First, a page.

Soviets alarmed at East-West German ties
Now it's Moscow rather than Washington that is worried about the loyalty of ''its'' Germany. At the end of July Pravda went public (more or less) with an attack on West Germany that was actually a thinly veiled attack on East Germany.
In cozying up to East Berlin, charged Pravda, Bonn was trying to undermine East Germany's sovereignty and its communist system. Pravda further warned that (friendly) East-West German relations could not be divorced from overall (hostile) East-West relations.
The Communist Party newspaper's judgment was clear, if unstated, that East Berlin risks succumbing to Bonn's approach.
For several months Moscow has been hinting at unhappiness with the conspicuous East-West German bonhomie that survived the worsening of superpower relations after NATO missile deployments began in West Germany last December. But the Soviet Union had largely confined its complaints to cold-war-style warnings about West German ''revanchism.'' Only now has Moscow expressed its alarm about the impact on its East German client of Bonn's policy of dialogue between the two German states.
The public Soviet uneasiness follows announced progress in preparation for the maiden visit of East German party and state chief Erich Honecker to West Germany this September. It also follows a period in which East Berlin has let an unprecedented number of East Germans (more than 25,000) emigrate to West Germany (with a promise of some 5,000 more soon) and has agreed to modest liberalization of its restrictions on cross-border East-West German visits.
Many Western commentators, accustomed to decades of East German obedience to Moscow and worried by the erstwhile Soviet courting of Bonn, saw the striking East-West German rapprochement of the past year or so as a danger to Bonn's Western allegiance rather than to East Berlin's Eastern allegiance. They assumed East Germany would have no foreign policy except one made in Moscow - and they therefore regarded East Berlin's detente with Bonn as a coordinated Soviet strategy aimed at luring West Germany away from the West.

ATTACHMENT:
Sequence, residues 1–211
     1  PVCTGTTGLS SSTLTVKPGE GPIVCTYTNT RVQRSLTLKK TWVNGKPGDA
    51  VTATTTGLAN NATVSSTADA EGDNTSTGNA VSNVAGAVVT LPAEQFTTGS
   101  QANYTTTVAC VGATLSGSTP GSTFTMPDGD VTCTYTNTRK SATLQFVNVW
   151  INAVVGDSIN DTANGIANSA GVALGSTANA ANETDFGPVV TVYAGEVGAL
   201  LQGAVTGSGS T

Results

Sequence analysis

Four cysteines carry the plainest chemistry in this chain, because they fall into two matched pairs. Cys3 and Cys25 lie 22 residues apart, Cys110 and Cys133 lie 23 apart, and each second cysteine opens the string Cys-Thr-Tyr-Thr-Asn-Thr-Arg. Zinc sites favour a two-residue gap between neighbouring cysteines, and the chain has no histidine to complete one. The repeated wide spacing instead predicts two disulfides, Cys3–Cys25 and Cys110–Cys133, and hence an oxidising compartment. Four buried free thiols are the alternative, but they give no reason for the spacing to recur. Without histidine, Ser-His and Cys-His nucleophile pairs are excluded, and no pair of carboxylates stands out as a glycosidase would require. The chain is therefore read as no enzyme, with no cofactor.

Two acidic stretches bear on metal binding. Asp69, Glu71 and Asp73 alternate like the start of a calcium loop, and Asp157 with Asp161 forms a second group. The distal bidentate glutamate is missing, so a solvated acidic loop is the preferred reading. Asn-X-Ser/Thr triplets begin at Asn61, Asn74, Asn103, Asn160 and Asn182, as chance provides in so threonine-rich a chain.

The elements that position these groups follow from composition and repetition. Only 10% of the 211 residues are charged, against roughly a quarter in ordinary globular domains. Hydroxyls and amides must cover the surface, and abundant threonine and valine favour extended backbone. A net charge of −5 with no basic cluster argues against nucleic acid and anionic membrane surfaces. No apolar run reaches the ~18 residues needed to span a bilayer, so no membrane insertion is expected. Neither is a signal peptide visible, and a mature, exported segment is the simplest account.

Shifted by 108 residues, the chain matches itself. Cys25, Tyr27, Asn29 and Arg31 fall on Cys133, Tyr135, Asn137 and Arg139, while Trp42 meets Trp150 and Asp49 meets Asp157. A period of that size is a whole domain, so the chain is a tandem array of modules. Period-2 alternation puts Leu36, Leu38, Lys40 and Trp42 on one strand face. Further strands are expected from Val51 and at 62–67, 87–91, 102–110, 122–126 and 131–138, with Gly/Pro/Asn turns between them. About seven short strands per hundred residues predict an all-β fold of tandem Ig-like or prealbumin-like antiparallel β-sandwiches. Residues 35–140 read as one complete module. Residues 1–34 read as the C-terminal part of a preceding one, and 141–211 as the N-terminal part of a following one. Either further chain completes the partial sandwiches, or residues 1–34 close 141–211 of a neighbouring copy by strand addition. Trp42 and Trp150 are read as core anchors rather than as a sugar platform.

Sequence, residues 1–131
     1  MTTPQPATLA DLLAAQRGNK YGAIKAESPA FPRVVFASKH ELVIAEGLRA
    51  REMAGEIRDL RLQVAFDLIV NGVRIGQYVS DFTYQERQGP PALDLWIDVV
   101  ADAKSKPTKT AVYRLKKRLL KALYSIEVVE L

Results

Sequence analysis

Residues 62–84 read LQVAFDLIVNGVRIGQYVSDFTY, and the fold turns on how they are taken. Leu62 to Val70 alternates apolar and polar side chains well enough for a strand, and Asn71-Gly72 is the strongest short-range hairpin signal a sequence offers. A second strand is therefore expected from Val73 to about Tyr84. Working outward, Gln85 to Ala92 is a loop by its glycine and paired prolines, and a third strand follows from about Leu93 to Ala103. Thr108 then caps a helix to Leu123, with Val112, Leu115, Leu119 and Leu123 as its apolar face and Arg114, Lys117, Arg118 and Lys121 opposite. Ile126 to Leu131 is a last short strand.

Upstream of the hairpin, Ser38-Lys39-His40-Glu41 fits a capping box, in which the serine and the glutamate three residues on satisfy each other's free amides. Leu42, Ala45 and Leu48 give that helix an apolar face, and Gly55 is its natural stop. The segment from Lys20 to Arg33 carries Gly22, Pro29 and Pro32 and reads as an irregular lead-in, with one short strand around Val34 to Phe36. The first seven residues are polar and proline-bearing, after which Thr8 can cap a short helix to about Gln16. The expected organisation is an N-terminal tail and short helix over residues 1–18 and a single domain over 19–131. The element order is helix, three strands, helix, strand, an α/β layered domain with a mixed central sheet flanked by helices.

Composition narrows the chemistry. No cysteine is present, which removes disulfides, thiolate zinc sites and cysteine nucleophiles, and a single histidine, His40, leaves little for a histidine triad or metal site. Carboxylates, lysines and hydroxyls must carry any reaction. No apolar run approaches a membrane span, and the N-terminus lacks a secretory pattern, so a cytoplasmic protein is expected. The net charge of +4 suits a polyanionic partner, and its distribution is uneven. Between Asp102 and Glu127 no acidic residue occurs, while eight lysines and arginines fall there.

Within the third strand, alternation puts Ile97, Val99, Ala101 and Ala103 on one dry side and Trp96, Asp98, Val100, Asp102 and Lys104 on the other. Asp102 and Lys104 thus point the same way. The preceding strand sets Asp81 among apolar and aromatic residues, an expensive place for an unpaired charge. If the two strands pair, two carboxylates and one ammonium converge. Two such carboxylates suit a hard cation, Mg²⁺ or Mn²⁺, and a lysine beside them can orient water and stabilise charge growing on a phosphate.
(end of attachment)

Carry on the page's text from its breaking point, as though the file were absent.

As is now clear, this view didn't correspond with either Moscow's or East Berlin's interpretation of the current state of affairs.
The one element in recent Soviet policy that would lend some credence to this view is the Soviet-East German attempt to weaken the exercise of Western allied powers' rights in West Berlin without encroaching on West German rights.
In the latest anomaly, the East Germans (rather than the Soviets, who are responsible under the legalities of the four-power occupation of Berlin) notified the West Berlin senate (and not the affected Americans, British, and French) that Berlin's Checkpoint Charlie would be temporarily closed for repairs. Checkpoint Charlie is the allied powers' guaranteed access point to East Berlin and is not open to West Germans or West Berliners.
After quiet allied protests, Checkpoint Charlie is to remain open to US, British, and French military traffic during the reconstruction.
In the triangular relations between East Berlin, Bonn, and Moscow the first sign of Soviet-East German differences came when East Berlin declined to join the Soviet, Czech, and Polish campaign against alleged West German ''revanchism, '' ''militarism,'' and ''expansionism.'' This restraint has essentially persisted; when East German Politburo member Egon Krenz finally took an obligatory swipe at ''imperialist'' West Germany, it was not reported in the East German news media.
East Germany this month also treated a historical event conspicuously differently from its Soviet mentor. On its 40th anniversary the Wehrmacht military officers' attempt on Hitler's life was scorned in Moscow - but recalled respectfully in both East and West Germany.
Soviet-East German differences have been surfacing in practical affairs as well. The Heerstrasse-Staaken transit route between West Berlin and West Germany - which East Berlin has just agreed to keep open through 1987 - runs through an area of major Soviet tank deployments. In May the Soviet Union declared this area off limits to members of the military commissions of the three Western allied powers, in connection with enlargement of closed zones of East German territory.
The most ominous of potential Soviet-East German divergences is the Soviet military exercise just staged in East Germany. The command maneuvers took place before harvesting had cleared fields. And they were a solo Soviet operation, with no Eastern European allies participating. The conspicuous implication is that the Soviet Army can invade Eastern Europe at will, without the assistance - or invitation - of any East European ally.